On February 25, the remains of "Kennewick Man" begin to get their long-delayed scientific going-over at Seattle's Burke Museum.
Park Service archeologist Frank McManamon, who designed the examination plan approved by the Federal judge in charge of the controversial remains, has assembled a top-flight examination team, including Burke archeology curator Julie Stein, University of Arkansas osteologist (bone expert) Jerome Rose, WSU geologist Gary Huckleberry (who studied the K-Man site back in December '97), and, to check out the chip of rock embedded in the skeleton's pelvis, Portland stone-tool expert John Fagan.
Biggest coup: the recruitment of Joseph Powell of the University of New Mexico, who has studied and measured just about every ancient (8000 years or older) set of bones ever found in this hemisphere.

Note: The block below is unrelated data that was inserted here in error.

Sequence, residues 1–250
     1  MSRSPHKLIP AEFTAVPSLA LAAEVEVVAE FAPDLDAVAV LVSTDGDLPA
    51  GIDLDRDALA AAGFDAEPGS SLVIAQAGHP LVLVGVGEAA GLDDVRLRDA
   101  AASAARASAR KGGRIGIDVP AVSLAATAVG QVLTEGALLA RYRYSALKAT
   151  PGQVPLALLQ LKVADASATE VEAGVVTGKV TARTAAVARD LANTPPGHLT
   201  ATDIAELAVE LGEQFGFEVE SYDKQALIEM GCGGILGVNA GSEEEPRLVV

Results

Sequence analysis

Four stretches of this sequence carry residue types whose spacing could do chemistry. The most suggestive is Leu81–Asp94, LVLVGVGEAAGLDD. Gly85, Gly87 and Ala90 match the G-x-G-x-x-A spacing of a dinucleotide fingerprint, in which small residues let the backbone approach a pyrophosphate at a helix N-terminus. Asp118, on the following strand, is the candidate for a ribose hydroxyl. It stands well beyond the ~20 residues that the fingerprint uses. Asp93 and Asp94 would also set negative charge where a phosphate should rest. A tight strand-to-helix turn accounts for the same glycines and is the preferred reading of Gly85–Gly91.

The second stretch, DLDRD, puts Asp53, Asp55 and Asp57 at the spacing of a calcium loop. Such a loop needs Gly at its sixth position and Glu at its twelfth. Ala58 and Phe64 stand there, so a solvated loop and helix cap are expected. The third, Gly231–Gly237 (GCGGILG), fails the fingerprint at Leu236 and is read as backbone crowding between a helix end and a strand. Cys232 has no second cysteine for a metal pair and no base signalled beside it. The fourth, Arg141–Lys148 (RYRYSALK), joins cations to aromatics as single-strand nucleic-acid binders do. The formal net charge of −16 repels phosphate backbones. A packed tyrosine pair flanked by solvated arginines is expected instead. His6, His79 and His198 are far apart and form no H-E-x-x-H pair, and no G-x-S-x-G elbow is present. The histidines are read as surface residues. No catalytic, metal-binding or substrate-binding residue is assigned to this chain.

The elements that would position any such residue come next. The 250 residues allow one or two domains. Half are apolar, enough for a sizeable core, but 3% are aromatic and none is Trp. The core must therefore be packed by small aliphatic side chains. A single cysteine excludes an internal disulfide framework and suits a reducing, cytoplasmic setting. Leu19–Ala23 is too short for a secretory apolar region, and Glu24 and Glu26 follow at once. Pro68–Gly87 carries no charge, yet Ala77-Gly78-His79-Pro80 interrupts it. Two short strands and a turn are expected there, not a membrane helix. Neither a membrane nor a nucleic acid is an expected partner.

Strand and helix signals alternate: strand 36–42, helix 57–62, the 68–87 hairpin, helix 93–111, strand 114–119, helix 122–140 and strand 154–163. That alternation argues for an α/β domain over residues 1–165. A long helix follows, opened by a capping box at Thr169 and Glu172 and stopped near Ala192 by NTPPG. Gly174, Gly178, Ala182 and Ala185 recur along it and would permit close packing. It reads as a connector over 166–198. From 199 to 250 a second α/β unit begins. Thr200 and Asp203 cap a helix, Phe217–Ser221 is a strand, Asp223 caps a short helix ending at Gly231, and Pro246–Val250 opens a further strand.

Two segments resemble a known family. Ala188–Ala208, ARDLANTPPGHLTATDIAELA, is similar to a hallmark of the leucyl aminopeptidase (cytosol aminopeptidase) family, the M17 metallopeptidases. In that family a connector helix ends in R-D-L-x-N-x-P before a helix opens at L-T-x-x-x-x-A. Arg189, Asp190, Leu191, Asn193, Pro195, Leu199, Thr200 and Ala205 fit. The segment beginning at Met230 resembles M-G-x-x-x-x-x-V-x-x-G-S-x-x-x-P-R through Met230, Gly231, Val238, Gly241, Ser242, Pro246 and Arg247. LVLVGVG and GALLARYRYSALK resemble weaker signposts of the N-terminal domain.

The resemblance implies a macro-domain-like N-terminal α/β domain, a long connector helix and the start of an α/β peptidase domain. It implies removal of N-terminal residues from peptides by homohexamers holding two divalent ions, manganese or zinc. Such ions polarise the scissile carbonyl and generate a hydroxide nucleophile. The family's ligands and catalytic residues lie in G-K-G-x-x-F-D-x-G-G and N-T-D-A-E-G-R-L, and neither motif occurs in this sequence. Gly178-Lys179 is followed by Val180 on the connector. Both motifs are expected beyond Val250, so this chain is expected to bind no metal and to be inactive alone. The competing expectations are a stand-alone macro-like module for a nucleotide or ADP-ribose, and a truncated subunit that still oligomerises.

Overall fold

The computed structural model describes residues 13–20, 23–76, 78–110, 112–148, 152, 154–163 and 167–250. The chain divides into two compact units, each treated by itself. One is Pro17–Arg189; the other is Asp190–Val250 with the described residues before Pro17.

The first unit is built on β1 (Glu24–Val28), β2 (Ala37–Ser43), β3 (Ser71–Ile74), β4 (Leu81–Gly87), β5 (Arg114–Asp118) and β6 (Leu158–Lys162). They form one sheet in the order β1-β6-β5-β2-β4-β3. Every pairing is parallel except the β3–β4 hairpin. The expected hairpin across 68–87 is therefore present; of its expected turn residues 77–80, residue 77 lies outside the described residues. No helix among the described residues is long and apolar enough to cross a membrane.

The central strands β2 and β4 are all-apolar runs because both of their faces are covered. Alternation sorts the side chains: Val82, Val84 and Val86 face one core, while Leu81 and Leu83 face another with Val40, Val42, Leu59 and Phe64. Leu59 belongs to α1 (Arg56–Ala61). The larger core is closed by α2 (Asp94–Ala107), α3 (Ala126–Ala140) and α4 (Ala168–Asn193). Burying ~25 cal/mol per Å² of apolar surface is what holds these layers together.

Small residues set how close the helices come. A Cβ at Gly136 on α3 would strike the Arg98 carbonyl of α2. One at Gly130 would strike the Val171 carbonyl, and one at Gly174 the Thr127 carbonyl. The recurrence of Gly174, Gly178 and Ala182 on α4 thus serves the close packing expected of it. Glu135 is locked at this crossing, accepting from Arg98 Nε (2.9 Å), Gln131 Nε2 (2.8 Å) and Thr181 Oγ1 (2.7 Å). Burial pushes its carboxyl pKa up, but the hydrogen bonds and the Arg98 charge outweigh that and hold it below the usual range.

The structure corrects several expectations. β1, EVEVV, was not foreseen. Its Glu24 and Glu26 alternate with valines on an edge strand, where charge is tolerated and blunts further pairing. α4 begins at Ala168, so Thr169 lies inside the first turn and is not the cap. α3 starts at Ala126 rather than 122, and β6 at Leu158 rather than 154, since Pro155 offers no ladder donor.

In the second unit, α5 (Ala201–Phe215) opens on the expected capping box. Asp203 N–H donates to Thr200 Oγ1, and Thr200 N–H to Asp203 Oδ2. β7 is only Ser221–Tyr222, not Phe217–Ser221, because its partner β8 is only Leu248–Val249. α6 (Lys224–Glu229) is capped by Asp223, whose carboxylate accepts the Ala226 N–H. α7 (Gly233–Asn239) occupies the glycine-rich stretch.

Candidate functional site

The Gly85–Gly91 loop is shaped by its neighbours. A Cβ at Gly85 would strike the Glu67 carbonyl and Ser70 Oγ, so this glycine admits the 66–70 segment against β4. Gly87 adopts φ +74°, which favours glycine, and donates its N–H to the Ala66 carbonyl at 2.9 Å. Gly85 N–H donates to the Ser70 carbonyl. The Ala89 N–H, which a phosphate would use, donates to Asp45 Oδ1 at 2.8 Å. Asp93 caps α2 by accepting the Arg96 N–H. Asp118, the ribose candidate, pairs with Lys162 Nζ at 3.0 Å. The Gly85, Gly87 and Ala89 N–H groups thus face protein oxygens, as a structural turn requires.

Absent from the line-up: any of the eight scientists who filed suit to force the examination of the bones in the first place (though Powell's mentor D. Gentry Steele of Texas A&M is among their number). But considering that they have raised vehement objections to McManamon's plan for study at every step, there's probably no way any of the plaintiffs could in conscience consider themselves dispassionate observers. The team, under the supervision of Corp of Engineers archeologist Michael Trimble, hopes to answer the first question facing it in a week to 10 days: Can enough be learned from surface examination of the remains to determine if they're ancestral to any present-day Native American group? If not, the next step will be more delicate and time-consuming: "destructive testing" like radiocarbon dating and DNA analysis, which many Indians consider blasphemous and against their traditions.